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Data from: The adaptive value of heterospory: evidence from Selaginella


Petersen, Kurt B.; Burd, Martin (2018), Data from: The adaptive value of heterospory: evidence from Selaginella, Dryad, Dataset,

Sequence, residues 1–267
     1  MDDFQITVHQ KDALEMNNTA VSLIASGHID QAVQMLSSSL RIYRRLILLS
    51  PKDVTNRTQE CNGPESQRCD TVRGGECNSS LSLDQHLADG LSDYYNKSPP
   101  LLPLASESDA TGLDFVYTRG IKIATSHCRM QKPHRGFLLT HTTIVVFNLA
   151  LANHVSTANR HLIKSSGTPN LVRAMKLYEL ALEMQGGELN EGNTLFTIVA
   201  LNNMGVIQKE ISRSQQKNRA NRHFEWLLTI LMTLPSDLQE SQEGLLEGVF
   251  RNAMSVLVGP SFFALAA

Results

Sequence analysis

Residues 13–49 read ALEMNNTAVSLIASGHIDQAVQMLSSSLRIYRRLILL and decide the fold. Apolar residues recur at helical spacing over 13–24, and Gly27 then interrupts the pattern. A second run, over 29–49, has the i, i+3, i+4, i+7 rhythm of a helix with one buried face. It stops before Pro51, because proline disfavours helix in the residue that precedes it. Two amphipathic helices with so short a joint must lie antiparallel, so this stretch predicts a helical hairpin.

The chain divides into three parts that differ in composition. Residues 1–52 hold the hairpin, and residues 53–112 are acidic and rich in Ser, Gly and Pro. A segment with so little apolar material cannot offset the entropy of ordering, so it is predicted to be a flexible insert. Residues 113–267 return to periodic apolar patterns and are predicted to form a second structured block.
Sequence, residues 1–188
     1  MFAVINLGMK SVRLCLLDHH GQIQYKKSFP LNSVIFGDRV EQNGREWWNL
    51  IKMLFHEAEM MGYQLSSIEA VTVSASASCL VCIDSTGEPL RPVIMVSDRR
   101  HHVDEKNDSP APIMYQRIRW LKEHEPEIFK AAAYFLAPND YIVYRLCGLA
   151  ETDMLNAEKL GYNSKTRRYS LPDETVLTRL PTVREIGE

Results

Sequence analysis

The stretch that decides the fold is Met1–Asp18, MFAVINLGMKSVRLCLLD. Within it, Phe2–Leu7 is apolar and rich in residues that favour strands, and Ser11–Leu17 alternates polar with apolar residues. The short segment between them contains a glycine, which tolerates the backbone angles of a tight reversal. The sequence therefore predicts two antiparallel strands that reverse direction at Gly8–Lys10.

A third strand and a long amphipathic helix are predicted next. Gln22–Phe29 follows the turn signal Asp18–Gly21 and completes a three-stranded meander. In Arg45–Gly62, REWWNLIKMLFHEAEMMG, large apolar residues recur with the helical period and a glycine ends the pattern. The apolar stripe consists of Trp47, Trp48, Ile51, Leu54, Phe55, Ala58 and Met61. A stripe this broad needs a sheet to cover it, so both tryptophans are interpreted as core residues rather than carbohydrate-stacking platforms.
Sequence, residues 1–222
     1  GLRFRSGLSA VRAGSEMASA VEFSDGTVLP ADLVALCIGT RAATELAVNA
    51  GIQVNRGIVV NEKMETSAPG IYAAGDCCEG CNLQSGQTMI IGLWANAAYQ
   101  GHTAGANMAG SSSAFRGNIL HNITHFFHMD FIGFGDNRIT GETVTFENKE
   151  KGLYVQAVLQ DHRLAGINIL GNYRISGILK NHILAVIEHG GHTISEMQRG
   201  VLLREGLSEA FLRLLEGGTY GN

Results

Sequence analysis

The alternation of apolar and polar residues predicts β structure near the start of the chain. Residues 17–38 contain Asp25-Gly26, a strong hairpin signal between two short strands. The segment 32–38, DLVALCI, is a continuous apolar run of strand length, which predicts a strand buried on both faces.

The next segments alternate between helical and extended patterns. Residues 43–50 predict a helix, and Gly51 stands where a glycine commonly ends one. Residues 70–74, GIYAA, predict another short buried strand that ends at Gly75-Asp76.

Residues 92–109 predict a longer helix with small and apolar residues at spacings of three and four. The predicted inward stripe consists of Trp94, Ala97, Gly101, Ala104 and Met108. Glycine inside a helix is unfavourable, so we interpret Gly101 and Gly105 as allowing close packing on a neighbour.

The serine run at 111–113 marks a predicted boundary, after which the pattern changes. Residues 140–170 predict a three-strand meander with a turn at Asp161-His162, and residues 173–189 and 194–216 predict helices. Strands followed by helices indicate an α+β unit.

Heterospory was a pivotal evolutionary innovation for land plants, but it has never been clear why it evolved. We used the geographic distributions of 114 species of the heterosporous lycophyte Selaginella to explore the functional ecology of microspore and megaspore size, traits that would be correlated with many aspects of a species’ regeneration niche. We characterized habitats at a global scale using leaf area index (LAI), a measure of foliage density and thus shading, and net primary productivity (NPP), a measure of growth potential. Microspore size tends to decrease as habitat LAI and NPP increase, a trend that could be related to desiccation resistance or to filtration of wind-borne particles by leaf surfaces. Megaspore size tends to increase among species that inhabit regions of high LAI, but there is an important interaction with NPP. This geographical pattern suggests that larger megaspores provide an establishment advantage in shaded habitats, although in open habitats, where light is less limiting, higher productivity of the environment seems to give an advantage to species with smaller megaspores. These results support previous theoretical arguments that heterospory was originally an adaptation to the increasing height and density of Devonian vegetative canopies that accompanied the diversification of vascular plants with leaves.

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